What are you working on?
Broadly speaking, my role as a Research Technician is focused on using histological and transcriptomic techniques to collate data contributing to the Multi-omics Atlas Project (MAP). MAP aims to provide a comprehensive, multi-omic tissue resource that charts the progression of Alzheimer’s disease in the human brain across different brain regions. This resource will be openly accessible for the scientific community worldwide and will inform future research efforts. In this role, I am learning to use novel molecular techniques such as in situ hybridisation and single-cell RNA sequencing to characterise gene expression. I am also continually building upon my histological skills by using immunohistochemistry and immunofluorescence to characterise tissue and optimise antibody use. Outside of the lab, I am learning more about imaging software to annotate and analyse microscopic images, and R packages for RNA-sequencing analysis
What is the most important lesson you learnt as a Master student?
There were many lessons I learnt as a Master’s student, so it’s difficult to pick one that could have been most important. I would say that my experience taught me to be kinder to myself – or else I would have been a bundle of stress! I experienced for the first time a feeling that all scientists are accustomed to – the disappointment of when an experiment hasn’t worked. This, in fact, probably taught me more than any successful experiment could have. It forced me to pay attention to every detail of my experimental protocol and to try to understand what could go wrong – for example, understanding optimal conditions for your tissue and antibodies. I learned to adjust my expectations realistically based on this experience. It made me realise that just because an experiment didn’t produce the results I had hoped, doesn’t reflect on my potential as a scientist. In fact, what demonstrates true ability as a scientist is to be innovative, by working towards solutions or new ways of achieving your experimental goals. I still apply this practice every day in my current role and it has allowed to optimise new techniques to facilitate new means of validating our data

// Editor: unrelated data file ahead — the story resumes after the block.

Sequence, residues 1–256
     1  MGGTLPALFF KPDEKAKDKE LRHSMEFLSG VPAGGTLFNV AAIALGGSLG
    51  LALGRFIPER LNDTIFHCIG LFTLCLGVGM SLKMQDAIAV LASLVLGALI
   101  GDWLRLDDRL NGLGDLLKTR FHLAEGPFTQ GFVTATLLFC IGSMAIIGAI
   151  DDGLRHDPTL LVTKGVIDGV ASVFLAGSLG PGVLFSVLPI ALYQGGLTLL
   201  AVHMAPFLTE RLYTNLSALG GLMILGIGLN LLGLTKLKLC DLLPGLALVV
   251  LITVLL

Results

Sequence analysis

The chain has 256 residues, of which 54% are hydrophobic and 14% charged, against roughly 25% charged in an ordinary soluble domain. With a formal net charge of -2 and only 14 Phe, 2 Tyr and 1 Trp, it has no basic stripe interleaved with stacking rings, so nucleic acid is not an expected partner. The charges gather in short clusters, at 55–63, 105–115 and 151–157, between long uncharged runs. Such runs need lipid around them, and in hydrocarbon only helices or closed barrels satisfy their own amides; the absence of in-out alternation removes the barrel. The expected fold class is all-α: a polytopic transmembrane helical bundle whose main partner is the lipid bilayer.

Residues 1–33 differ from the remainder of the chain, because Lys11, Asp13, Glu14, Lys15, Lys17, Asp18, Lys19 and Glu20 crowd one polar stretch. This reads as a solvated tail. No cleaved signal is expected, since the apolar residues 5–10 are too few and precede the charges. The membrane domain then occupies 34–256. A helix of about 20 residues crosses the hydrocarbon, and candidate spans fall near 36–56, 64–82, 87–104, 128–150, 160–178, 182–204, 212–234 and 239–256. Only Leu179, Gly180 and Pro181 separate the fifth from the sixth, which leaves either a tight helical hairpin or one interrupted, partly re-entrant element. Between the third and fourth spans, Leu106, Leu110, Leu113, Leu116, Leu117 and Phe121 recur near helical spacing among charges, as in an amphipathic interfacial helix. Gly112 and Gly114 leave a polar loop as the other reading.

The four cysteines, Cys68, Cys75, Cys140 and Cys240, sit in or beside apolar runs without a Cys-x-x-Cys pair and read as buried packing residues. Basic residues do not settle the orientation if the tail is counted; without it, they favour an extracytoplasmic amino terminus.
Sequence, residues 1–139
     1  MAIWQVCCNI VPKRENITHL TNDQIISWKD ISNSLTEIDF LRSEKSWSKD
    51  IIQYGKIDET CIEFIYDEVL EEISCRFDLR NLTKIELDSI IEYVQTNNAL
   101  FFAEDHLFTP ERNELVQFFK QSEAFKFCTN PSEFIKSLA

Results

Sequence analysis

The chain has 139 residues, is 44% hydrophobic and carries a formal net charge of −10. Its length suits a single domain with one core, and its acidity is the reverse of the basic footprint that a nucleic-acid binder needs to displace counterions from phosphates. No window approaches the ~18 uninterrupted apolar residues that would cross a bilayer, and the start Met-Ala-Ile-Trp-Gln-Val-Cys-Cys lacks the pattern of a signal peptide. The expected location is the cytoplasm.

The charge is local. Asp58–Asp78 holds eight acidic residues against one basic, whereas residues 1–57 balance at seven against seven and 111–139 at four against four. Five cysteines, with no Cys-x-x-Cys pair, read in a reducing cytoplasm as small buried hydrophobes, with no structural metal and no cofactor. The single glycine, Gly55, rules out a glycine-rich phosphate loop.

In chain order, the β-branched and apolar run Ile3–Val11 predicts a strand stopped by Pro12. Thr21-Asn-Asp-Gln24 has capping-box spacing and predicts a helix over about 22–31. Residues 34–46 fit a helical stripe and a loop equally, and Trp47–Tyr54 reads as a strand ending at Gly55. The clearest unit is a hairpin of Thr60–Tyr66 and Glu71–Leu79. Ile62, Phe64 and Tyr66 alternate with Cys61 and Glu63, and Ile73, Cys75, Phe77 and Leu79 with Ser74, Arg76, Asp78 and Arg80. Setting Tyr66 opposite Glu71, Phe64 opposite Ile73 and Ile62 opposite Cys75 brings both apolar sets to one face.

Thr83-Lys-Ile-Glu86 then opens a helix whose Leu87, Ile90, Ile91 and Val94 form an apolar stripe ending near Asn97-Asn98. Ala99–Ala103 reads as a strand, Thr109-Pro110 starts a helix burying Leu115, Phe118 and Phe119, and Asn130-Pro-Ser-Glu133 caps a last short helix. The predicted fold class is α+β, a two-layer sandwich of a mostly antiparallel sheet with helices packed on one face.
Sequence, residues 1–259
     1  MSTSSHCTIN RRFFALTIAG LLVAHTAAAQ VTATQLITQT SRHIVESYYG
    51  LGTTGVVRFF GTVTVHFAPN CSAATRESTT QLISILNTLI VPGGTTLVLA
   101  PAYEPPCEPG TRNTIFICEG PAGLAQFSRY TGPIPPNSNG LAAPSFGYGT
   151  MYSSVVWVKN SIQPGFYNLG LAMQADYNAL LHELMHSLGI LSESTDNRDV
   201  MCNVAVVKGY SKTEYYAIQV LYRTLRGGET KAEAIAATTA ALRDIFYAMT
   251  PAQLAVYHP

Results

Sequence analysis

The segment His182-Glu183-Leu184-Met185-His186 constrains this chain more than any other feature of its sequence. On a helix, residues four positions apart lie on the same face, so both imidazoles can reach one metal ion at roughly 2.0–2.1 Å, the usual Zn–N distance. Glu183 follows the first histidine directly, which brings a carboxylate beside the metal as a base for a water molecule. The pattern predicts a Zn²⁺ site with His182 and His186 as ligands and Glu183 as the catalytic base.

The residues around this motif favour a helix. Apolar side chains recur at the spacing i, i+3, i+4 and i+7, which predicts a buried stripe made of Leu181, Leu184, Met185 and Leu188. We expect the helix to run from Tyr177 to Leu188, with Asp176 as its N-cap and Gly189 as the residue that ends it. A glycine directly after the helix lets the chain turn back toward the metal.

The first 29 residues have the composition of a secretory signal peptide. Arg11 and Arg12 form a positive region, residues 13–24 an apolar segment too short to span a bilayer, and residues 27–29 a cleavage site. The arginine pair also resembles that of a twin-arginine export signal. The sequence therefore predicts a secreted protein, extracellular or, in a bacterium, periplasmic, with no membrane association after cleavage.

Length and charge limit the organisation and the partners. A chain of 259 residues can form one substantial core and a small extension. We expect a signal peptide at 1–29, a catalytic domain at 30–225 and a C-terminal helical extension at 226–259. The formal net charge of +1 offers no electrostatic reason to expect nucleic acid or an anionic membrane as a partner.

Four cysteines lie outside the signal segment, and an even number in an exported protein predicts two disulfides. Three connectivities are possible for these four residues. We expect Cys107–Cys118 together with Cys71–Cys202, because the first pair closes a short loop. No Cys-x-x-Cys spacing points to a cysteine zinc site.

How did the Master programme help you get to where you are now?
I can confidently say I would not be in the job I love today without the experience I gained from my Master’s programme. My research projects had already given me significant experimental and analytical skills required for my current role. I was confident with the use of histological and molecular biology techniques, microscopy and statistical analysis – all of which I use every day in my job. Beyond these skills, producing high-quality research under significant time constraints demanded agility and resilience – it was definitely a character-building experience! As well as research experience, this Master’s programme also provided numerous opportunities to present my findings in the form of posters and talks. This developed my confidence and provided me with a sense of ownership over my work which was incredibly rewarding. It was the first time I could see and experience the impact of scientific research for myself, by being a part of it. The experience of this programme was exceptional in that I got to emulate, as closely as possible, the day-to-day work as a research scientist for 12 months. This gave me enough time to grow and mature into a fully equipped, independent researcher, while giving me the flexibility and opportunity to delve into a multitude of research topics and experimental techniques. I haven’t seen another Master’s programme that I think could recreate this brilliant experience!